In a recent post, I blogged briefly about the analytic personality and what things a person of this inclination must be aware of when dealing with others. In many ways, there are some caveats that one should take care to avoid that are simple matters of how the analytical mind works.
The biggest problem with any trait is the tendency to take things to the natural extremes. Moderation is always key; the assertive personality must take care not to be assertive in ways that take advantage of others, for instance, while still keeping the basis of that assertive nature. In the same way, one of the biggest problems for the analytic can be overanalyzing things, especially things that are best viewed as a whole.
I first became aware of this tendency after reading Mark Twain’s short essay, sometimes called “Two Ways of Seeing a River,” from his Life on the Mississippi (see here for an interesting rhetorical analysis – and yes, I am aware of the irony). Here, Twain has described his various journeys on Mississippi steamboats, learning the trade (where he picked up his pseudonym), and he laments the loss of something deep: the beauty of the river. In the acquisition of the trade skills that a steamboat pilot must have, Twain began to see the river as nothing more than a conglomeration of “trifling feature[s].” Near the end of this section, he opines, “All the value any feature of it had for me now was the amount of usefulness it could furnish toward compassing the safe piloting of a steamboat.”
I observed this very thing in myself when I was a senior in high school taking physics. I was learning a great deal about natural phenomena, and it was after a discussion of light, the spectrum of visible light, and the phenomena of the sunset that I realized that I was doing the same. You see, I started noticing the color of sunsets and remarking to myself, “That purplish sunset is the atmosphere trapping the shortest frequencies,” and I was losing a sense of the simple beauty that a sunset represents. It was an awakening in me that I have not forgotten: Never let attention to detail overshadow the bigger themes. (In fact, I have written a short story about a man whose primary fault is just that and another whose fault is the opposite: an inability to remember specifics.)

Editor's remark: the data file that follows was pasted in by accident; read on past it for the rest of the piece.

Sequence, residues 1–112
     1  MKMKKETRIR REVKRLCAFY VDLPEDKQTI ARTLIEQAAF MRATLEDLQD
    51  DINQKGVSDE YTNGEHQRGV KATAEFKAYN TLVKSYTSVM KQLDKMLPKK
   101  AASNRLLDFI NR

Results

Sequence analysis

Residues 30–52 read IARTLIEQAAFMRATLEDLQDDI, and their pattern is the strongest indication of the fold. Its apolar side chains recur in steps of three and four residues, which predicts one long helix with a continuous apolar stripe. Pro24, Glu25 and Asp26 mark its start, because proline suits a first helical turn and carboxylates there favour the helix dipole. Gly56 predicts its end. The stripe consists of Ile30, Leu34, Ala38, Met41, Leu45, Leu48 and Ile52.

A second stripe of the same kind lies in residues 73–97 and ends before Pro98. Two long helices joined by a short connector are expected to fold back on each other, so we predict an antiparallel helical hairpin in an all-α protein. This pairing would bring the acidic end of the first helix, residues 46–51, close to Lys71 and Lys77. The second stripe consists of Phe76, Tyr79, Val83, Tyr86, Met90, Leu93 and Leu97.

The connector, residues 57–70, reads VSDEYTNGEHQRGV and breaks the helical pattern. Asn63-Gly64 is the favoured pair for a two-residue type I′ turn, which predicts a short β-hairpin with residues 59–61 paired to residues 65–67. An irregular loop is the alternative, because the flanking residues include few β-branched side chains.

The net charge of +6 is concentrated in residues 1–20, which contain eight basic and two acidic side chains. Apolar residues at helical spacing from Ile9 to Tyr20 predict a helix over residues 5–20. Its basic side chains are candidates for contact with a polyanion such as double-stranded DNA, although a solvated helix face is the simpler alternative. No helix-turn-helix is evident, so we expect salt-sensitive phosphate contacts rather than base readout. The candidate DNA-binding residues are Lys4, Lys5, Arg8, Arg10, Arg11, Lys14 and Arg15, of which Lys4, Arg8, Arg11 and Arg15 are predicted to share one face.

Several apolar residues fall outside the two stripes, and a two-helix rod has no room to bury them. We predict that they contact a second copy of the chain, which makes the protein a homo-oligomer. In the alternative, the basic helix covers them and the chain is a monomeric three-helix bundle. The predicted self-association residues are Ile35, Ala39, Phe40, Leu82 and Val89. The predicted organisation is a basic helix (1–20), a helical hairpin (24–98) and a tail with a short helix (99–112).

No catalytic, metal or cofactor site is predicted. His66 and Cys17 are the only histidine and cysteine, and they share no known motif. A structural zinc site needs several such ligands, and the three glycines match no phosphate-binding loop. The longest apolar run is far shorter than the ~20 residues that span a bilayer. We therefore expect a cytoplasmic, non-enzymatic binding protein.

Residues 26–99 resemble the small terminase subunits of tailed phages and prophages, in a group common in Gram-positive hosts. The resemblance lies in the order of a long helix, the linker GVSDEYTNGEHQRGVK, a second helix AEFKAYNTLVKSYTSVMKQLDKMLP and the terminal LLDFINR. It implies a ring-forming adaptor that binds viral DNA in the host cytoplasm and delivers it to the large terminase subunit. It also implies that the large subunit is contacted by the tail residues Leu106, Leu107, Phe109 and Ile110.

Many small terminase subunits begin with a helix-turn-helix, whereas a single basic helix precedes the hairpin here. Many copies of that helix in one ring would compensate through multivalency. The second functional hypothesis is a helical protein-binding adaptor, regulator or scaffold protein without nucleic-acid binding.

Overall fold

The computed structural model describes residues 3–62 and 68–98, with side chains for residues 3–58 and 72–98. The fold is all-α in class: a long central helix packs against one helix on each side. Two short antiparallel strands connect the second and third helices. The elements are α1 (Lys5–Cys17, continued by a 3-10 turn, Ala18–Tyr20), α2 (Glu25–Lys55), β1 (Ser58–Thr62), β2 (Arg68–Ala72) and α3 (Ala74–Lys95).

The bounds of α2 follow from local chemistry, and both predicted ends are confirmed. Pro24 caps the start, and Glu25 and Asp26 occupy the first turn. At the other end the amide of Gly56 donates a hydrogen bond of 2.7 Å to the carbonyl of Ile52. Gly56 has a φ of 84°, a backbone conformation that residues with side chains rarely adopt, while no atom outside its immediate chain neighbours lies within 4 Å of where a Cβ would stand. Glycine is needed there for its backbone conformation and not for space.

In some personal reading, I came across a passage by Steinbeck that gives a further implication of this problem:
And this is easy and efficient. So easy that the wonder goes out of work, so efficient that the wonder goes out of land and the working of it, and with the wonder the deep understanding and the relation. And in the tractor man there grows the contempt that comes only to a stranger who has little understanding and no relation. For nitrates are not the land, nor phosphates; and the length of the fiber in the cotton is not the land. Carbon is not a man, nor salt nor water nor calcium. He is all these, but he is much more, much more; and the land is so much more than its analysis. The man who is more than his chemistry, walking on the earth, turning his plow point for a stone, dropping his handles to slide over an outcropping, kneeling in the earth to eat his lunch; that man who is more than his elements knows the land that is more than its analysis. But the machine man, driving a dead tractor on land he does not know and love, understands only chemistry; and he is contemptuous of the land and of himself. When the corrugated iron doors are shut, he goes home, and his home is not the land. [John Steinbeck, The Grapes of Wrath, ch. 11 (taken from Norton Anthology of American Literature, Volume D, 6th ed., p.1902)]
We must always remember, as we deal with others, that if we see people only as their traits, not as individuals worthy of basic human respect and dignity, then we will never be home among them. Overanalyzing people – even ourselves! – can make us lose the beauty (however bittersweet) of humanity. Fortunately, it is not a permanent loss, and we can always start seeing people as valuable, intrinsically so and not just for their usefulness.